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Scale plus independence; a win-win for advice practices

29 September 2021 Gareth Stokes

The Holy Grail for an independent advice practice is to build scale to maximise top-line returns without compromising the integrity of the advice process or the client experience. Building scale without losing independence can be challenging; but smaller advice practices can take heart from the fact that the journey has been travelled before. FAnews attended the 2021 Financial Planning Summit, hosted by The Collaborative Exchange, to learn how Warren Ingram, co-founder of Galileo Capital, went about growing his financial planning practice.

Scaling advice through technology

Grant Locke, head of OUTvest, was on hand to grill Ingram about how to grow an advice practice by scaling the advice component through the effective use of technology. His first questions: Why are you such an avid fan of scaling an investment practice? What does scaling mean to you? The why, according to Ingram, stems from a genuine desire to impart useful and valuable advice to all customers seeking it. He was in the enviable position of generating plenty of advice leads thanks to positioning as the ‘go to’ commentator for financial planning through various broadcast and print media outlets. “We had thousands of  people contacting us, desperate for advice; but when you operate a small team of people you only have so many hours in the day,” he said. 

Unfortunately, a common financial advice practice response to having too many clients is to scale product rather than advice. For example, the response to having a throng of new investment clients could be to launch a unit trust and then scale revenue within that environment… “In this construct you are scaling product, you are making yourself much more profitable as an advice business without actually helping more people with financial advice,” said Ingram. His preference was to scale advice, which is seen as a business imperative for the survival of a financial advice practice because it ensures revenue growth without pushing your cost base higher. The cost benefits that attach to scale make it possible for an advice practice to offer more affordable advice solutions.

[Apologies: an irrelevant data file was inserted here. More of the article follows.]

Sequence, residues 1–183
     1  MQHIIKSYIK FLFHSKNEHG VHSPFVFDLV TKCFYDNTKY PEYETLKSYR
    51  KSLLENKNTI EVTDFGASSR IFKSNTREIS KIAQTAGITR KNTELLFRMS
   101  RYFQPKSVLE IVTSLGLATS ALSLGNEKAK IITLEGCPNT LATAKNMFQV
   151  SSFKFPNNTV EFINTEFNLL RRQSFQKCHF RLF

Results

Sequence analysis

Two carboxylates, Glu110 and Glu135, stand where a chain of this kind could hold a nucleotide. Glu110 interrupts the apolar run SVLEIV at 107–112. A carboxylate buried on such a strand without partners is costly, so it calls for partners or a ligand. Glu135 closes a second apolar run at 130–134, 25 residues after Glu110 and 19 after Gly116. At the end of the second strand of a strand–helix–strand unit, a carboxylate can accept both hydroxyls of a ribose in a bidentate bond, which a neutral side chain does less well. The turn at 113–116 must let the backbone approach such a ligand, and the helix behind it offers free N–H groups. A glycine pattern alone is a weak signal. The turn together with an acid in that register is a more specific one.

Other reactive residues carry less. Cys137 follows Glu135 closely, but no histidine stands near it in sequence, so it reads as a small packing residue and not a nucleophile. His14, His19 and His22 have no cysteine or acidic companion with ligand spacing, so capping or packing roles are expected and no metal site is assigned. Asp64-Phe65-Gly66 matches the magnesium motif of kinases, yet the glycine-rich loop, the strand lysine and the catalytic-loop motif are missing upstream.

Preparing for a deluge of new leads

Ingram conceded that his practice was not prepared for the flood of client enquiries that followed from their early forays into the media. As consumers responded to their views, they received thousands of email requests for financial advice. Responding to this volume of emails proved difficult, especially given the wide divergence in client financial profiles. “In an attempt to try and provide this level of advice, we launched the SmartRand robo-adviser,” said Ingram. This foray into automated advice, one of the first to market in South Africa, was executed poorly due to capital constraints and issues with technology. 

There were some quick wins in the journey to scale. One was the realisation that a paid-for, one-hour consult was in high demand. “People with a small amount of money could still talk to us, we could help them … and they could get objective advice,” said Ingram. The initial administrative issues caused by a surge in consumer demand was easily addressed through automated online scheduling and web-based prepayment facilities. “Another big win was in automating certain communications to our clients, for example, making sure that we could send automated statements rather than using the existing, nightmarish manual process,” he said. The next win came from smart data capture and integration. “The next step was to send a link to a client, once they had scheduled the meeting, to prepopulate certain personal and financial information,” said Ingram. This information could then inform the next steps in the financial planning process. 

Hiring employees to meet growth

Hiring new employees into growth is inevitable; but using technology ensures that these hires make the maximum possible impact in the financial advice practice. “We want to avoid hiring more and more administration people to do more and more mundane data capture tasks, those kinds of things should be completely automated,” he said. “We want to leverage technology to help us understand our clients and improve our communication with clients”. 

Locke pointed out that traditional advice practices had to balance client numbers with the workload imposed by administration and complying with regulations. Nowadays, practices can turn to technology to automate large parts of the administration, compliance and planning function; but this does not mean that the human component of advice is lost. The trick is to focus on hybrid automated / human solutions that not only allow you to cruise through the repetitive admin tasks but also offer holistic, compliant advice solutions for low income clients, at low cost. “A high quality robo-adviser can service a segment of clients at the bottom, proactively and in a regulatory compliant way; you can service them with your brand, with your quality of advice and know that they are going to get the right outcome,” concluded Ingram.